“I am the LORD, there is no other” (Isaiah 45:6).
Twenty-Ninth Sunday of the Year
Isa 45:1, 4-6; Ps 96; 1 Thess 1:1-5b; Matt 22:15-21
Jesus not only eludes the attempt by his enemies to trap him over Roman taxes; he turns the trap on them by showing their compliance in carrying the Roman coin with a graven image of the emperor as a god. Jesus’ answer encompasses the rights of both realms, church and state, while insisting there is only one reality, that of the one God, Lord of the world.
Jesus’ words, “Give to Caesar what is Caesar’s and to God what is God’s,” like another saying, “Let him who is without stone cast the first stone,” have survived time as brilliant starters for any discussion about balancing mercy and justice or civic duty with religious obedience. In our upcoming elections, these dilemmas underly questions about how far bishops can go in instructing Catholic voters and how those same voters reconcile their consciences with Catholic teaching.
Jesus was not familiar with our Bill of Rights, but he did know Isaiah’s commitment to the sovereignty of God. He and Isaiah lived immersed in the assumption of divine authority over the Universe and history, where God meets human freedom with serious consequences. Obeying God’s plan woven into Creation and human consciousness brings peace, justice and harmony. Rejecting it ensures conflict, injustice and chaos.
The American framers hoped to bring peace, justice and harmony by keeping church and state separate to protect the freedom of all citizens of any or no faith in a secular and pluralistic society. Religion should not interfere with or usurp government authority and government should not favor one religion over others. The framers could not have anticipated the complexity of this separation going forward, but they did not expect religious ideas and values to be absent from political life. It was always to be a dialogue and a balancing act.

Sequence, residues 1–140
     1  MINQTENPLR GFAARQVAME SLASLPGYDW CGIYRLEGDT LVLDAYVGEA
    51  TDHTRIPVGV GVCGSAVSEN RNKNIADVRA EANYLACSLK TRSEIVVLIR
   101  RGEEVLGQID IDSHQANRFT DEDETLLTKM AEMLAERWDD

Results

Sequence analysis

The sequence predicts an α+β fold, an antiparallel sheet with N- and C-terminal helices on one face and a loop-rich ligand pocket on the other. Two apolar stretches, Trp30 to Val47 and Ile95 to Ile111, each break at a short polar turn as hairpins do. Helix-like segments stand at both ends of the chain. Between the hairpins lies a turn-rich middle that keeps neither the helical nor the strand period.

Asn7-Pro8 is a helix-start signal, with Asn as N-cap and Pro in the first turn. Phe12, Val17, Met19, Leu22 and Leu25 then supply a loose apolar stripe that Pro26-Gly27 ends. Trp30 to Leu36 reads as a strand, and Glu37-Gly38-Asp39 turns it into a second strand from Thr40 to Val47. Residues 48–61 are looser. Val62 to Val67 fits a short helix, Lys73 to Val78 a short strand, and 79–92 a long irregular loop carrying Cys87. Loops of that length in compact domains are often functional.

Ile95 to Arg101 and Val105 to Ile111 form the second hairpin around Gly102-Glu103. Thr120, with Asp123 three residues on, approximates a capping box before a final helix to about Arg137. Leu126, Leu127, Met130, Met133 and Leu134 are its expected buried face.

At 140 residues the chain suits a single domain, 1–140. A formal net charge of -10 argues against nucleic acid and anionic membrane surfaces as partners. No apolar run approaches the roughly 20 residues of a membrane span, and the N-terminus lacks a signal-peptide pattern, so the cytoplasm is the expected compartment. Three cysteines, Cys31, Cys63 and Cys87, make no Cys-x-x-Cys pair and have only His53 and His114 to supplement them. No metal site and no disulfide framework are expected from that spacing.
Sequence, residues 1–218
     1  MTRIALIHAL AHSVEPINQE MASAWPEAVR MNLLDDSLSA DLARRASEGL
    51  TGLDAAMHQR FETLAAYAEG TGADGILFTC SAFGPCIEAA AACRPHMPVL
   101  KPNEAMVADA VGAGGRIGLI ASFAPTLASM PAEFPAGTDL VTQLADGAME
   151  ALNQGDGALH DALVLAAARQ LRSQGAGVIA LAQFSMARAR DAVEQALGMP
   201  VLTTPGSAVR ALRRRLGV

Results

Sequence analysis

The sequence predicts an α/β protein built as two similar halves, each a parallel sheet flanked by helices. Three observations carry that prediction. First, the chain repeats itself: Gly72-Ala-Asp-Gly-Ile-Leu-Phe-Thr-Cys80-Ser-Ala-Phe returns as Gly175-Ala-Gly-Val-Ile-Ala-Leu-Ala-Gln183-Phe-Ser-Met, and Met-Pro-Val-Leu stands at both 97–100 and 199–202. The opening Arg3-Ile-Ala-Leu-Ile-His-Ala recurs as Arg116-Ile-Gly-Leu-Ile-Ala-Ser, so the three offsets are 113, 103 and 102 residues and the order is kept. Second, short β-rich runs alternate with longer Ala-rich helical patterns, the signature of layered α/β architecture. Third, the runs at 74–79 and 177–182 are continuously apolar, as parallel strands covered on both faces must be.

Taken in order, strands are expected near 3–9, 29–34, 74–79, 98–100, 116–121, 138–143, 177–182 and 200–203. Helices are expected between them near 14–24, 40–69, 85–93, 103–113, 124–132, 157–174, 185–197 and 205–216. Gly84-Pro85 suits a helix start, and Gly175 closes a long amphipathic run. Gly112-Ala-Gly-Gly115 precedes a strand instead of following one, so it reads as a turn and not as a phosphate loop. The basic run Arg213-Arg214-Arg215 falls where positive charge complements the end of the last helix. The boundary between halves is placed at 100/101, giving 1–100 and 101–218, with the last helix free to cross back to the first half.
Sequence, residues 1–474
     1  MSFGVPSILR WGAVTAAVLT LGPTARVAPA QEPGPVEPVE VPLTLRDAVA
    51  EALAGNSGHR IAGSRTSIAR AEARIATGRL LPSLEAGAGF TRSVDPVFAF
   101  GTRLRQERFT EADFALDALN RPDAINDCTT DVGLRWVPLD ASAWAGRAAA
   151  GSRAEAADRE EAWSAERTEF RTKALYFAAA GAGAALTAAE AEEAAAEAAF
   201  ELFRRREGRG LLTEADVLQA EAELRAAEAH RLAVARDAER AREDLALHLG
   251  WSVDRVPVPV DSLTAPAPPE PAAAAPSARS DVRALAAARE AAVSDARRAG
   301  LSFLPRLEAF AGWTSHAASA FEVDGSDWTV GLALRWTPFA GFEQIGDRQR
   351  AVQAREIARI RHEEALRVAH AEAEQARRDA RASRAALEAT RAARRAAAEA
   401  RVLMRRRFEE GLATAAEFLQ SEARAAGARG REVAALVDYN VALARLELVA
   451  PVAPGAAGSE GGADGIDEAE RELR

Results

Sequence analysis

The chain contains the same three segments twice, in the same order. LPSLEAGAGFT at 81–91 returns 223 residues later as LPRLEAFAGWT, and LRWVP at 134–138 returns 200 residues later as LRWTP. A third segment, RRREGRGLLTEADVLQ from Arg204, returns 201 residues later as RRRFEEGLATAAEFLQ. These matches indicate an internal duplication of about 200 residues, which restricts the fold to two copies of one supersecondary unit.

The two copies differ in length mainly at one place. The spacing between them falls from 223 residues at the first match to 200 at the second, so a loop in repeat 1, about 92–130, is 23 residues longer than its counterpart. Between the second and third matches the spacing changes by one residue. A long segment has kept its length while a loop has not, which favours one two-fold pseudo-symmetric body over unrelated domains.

Having this Gospel read, preached and widely discussed just weeks before the general election is both a blessing and a provocation. Politicians want the “Catholic” vote and discrete or silent endorsements. The church has important principles to contribute to public debate. Catholic voters want to be faithful citizens free to discern how to vote the best possible outcome for the common good of the country. This election poses extraordinary challenges for all our institutions and protocols, even voting itself because of stress over public health, the economy and social divisions.
Jesus did not avoid tension and knew the political agenda behind trapping him to deliver him to death for subverting both church and state power. The Sanhedrin will condemn him for blasphemy and Rome will crucify him for challenging the divine Caesar. Jesus unites his faith in God and his love for God’s people in the vision of a Beloved Community where justice and mercy provide “life, liberty and the pursuit of happiness” for all.
It is up to us to balance these same goals and values as he did, even if it is a risky and difficult path.